8 March 2024

Off-roading in an EV? New Toyota bZ4X proves it can be done (just be prepared to feel a bit sick)

| James Coleman
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SUV on dirt road

The Toyota bZ4X charging up to the summit of Mount Coree. Photo: Toyota Australia.

Off-roading is hilarious fun … when you’re the one at the wheel. Because you’ve got something to hold onto.

When you are a passenger, off-roading is unequivocally a form of torture. You become the clothes peg that found its way into the washing machine. You wind up battered, bruised and, in my particular case, a bit car sick, too.

Toyota launched their first EV in Canberra last week, the bZ4X, and as you do when you launch a new crossover EV, the first point of order is to find out how it performs around its natural habitat.

How easy it is to park in Civic? What does the regenerative braking feels like? And do you need a PhD in computer science to sync your phone? Etcetera.

And sure enough, the other journalists and I were given a few kilometres along Parkes Way to find out there are cameras everywhere, you can’t tell when the regen braking is doing anything until the needle dips into the blue ‘Charge’ section on the rev meter (it’s that refined) and how the infotainment system works in the real world.

Oh, and the steering wheel is also a weird shape, and you look over the top of it to the dials rather than through it.

But then we arrived at the Cotter and headed straight into the Brindabella Ranges. This was a terrible idea. But not because the car couldn’t do it. Well, one could.

There are two bZ4X models available: one with an electric motor on the front axle for $66,000 and another with an electric motor on each axle for $74,900. Before you ask, the range is 535 km and 485 km, respectively, and it can be charged in around 30 minutes from a maxed-out DC charger.

None of this screams something you’d see in the ARB 4×4 Accessories store car park, but the bZ4X has also been developed in partnership with Subaru, who agreed to hand over their ‘X-Mode’ off-road systems in exchange for Toyota’s electric know-how (Subaru also got the better name because ‘Solterra’ beats a batch code).

The AWD model comes with heated and ventilated seats. Photo: Toyota Australia.

X-Mode, only available on the AWD model, does many complicated things for the ‘Snow/Dirt’ and ‘Deep Snow/Mud’ settings. It also includes ‘Grip Control’ and ‘Downhill Assist Control’ so you can crawl down hills without having to touch the brake pedal. But I only used it once.

As it was, the 2WD models were left at the base of Mount Coree, but the others didn’t need much help to bound up the rocky path with barely a hint of wheel spin.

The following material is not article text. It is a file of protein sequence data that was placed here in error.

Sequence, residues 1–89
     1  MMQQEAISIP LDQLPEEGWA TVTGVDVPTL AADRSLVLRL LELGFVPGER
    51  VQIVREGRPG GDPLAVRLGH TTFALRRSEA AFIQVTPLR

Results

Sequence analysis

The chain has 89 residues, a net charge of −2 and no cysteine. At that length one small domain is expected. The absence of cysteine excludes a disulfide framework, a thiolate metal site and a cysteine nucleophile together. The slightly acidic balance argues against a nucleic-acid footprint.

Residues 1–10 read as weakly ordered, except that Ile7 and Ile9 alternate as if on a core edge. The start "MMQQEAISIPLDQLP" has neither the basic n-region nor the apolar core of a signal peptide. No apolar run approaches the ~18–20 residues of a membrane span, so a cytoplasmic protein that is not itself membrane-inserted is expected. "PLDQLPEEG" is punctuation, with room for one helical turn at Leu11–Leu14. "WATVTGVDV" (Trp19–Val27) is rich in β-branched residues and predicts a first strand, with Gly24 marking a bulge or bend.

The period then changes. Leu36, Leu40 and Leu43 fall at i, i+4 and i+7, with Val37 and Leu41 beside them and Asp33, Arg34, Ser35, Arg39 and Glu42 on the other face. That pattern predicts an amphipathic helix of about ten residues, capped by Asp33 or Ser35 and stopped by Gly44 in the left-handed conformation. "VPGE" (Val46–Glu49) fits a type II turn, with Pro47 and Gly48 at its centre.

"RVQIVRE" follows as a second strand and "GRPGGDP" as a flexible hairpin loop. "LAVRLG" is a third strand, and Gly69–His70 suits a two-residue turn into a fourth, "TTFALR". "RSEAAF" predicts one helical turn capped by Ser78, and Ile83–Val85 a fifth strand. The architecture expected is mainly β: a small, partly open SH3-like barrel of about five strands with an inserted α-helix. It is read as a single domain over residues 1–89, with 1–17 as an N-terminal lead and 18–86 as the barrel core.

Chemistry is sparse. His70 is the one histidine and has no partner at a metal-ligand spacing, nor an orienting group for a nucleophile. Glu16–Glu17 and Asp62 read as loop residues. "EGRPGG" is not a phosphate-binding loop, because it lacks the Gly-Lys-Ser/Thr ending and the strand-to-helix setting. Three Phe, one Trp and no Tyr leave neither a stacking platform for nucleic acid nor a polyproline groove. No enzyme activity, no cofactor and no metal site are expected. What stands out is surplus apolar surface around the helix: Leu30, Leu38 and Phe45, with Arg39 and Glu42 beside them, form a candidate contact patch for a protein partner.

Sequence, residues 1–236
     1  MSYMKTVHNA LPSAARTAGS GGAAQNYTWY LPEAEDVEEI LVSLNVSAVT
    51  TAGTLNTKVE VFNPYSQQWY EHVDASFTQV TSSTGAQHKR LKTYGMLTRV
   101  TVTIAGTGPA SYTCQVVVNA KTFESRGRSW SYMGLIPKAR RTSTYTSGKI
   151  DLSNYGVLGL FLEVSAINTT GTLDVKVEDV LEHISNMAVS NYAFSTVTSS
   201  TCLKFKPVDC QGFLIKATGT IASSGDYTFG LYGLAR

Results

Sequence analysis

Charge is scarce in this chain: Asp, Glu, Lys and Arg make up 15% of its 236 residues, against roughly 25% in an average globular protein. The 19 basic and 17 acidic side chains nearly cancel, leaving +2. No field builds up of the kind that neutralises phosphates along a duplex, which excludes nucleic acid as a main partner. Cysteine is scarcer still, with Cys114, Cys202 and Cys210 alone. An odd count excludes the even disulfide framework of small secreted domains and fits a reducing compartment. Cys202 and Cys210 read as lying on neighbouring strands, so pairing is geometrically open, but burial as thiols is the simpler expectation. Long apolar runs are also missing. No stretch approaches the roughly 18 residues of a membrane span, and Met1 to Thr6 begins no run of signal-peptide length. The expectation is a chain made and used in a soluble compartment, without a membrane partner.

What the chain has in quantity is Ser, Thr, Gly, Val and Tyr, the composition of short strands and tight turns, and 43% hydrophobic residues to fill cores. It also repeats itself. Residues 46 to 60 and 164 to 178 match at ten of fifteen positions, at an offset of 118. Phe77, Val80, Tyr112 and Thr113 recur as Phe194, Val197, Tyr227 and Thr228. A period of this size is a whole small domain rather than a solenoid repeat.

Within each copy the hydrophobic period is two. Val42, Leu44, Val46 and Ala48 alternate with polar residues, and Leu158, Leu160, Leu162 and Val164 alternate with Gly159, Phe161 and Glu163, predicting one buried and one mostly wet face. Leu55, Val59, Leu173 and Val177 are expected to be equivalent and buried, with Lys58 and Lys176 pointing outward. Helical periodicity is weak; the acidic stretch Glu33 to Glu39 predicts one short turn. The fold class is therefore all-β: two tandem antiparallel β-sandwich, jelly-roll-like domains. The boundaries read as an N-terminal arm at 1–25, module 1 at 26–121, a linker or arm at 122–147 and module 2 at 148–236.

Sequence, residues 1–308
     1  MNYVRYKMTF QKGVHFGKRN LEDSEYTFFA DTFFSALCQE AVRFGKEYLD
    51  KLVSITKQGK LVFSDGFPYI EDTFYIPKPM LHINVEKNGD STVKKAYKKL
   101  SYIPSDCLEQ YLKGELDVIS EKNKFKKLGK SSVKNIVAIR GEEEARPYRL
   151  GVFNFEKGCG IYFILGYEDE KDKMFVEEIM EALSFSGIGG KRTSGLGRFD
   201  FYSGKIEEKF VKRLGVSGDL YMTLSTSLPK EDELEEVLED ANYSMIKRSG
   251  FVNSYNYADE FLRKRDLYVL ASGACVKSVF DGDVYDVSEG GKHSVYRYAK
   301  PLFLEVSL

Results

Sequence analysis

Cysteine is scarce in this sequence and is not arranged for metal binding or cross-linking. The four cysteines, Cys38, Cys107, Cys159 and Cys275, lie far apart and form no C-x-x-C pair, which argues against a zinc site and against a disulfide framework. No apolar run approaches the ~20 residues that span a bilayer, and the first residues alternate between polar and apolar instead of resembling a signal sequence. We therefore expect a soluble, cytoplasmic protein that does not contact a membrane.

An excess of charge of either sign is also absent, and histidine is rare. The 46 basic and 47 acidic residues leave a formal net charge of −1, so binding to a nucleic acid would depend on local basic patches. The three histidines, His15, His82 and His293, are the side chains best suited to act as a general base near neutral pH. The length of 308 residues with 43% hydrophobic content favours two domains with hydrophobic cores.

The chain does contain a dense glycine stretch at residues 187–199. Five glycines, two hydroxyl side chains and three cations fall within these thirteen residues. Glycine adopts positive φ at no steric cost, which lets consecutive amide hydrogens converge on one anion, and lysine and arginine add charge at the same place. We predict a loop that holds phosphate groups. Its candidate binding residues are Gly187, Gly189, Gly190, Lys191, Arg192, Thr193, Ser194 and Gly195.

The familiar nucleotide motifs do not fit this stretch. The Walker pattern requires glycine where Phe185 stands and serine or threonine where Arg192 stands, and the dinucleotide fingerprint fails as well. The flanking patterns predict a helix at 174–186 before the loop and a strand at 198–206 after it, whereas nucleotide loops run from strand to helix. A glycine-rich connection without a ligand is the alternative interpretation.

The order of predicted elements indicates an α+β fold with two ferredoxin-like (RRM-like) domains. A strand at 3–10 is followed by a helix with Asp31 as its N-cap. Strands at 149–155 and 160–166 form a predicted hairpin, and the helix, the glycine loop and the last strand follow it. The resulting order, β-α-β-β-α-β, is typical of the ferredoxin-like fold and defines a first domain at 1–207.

On the outside, there’s a lot of black plastic, combined with what Toyota calls their new “hammerhead” front, a combination of flat bonnet and slim headlights “emulating the distinct appearance of its underwater predator namesake”. It looks very Lexus-like.

Dips along the way had me cringing about what sort of noise this hammerhead would make when ploughed into the dirt, but because the car is so long between the wheels – the same as a Kluger – there’s hardly any front or rear overhang. And the entire underbody is “fully covered”.

Another surprise from the driver’s seat is a distinct lack of bone-jarring you’d expect from pounding 20-inch wheels into rocks and ruts.

The bZ4X drives much like an electric Camry. It offers the same isolation from the harshness of the outside world, quietness, solidness, and smoothed-over bumps like riding a wave of treacle. (Unlike a Camry, however, it’s far more rewarding when greeted by a whiff of exuberance.)

But that’s just the problem.

Rolls-Royce made the same mistake with its new Ghost a couple of years ago (a comparison Toyota would undoubtedly be chuffed about). The soundproofing was so effective, some occupants reported feeling sick from the total silence. Engineers had to go back to the drawing board and work on a “continuous whisper”.

I never thought I’d say this, but it’s too quiet, Toyota.

man standing next to a car on a mountain

Toyota bZ4X chief engineer Masaya Uchiyama. Photo: Toyota Australia.

2024 Toyota bZ4X AWD

  • $74,900
  • Front and rear-mounted electric motors, 160 kW / 337 Nm total
  • Automatic, all-wheel drive (AWD)
  • 0-100 km/h in 6.9 seconds
  • 485 km estimated range
  • 5-star ANCAP safety rating.

This car was provided for testing by Toyota Australia. Region has no commercial arrangement with Toyota Australia.

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